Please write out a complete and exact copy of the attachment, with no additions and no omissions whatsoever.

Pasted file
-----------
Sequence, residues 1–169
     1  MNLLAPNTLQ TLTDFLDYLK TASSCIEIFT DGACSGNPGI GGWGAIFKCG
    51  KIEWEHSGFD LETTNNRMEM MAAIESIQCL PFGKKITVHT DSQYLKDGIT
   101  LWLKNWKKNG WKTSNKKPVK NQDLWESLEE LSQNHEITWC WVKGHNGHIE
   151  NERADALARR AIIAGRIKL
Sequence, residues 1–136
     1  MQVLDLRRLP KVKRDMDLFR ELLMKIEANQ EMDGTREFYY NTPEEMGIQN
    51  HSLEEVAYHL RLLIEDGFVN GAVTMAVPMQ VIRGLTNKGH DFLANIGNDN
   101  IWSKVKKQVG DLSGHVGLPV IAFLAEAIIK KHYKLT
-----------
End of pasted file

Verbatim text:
Sequence, residues 1–169
     1  MNLLAPNTLQ TLTDFLDYLK TASSCIEIFT DGACSGNPGI GGWGAIFKCG
    51  KIEWEHSGFD LETTNNRMEM MAAIESIQCL PFGKKITVHT DSQYLKDGIT
   101  LWLKNWKKNG WKTSNKKPVK NQDLWESLEE LSQNHEITWC WVKGHNGHIE
   151  NERADALARR AIIAGRIKL
Sequence, residues 1–136
     1  MQVLDLRRLP KVKRDMDLFR ELLMKIEANQ EMDGTREFYY NTPEEMGIQN
    51  HSLEEVAYHL RLLIEDGFVN GAVTMAVPMQ VIRGLTNKGH DFLANIGNDN
   101  IWSKVKKQVG DLSGHVGLPV IAFLAEAIIK KHYKLT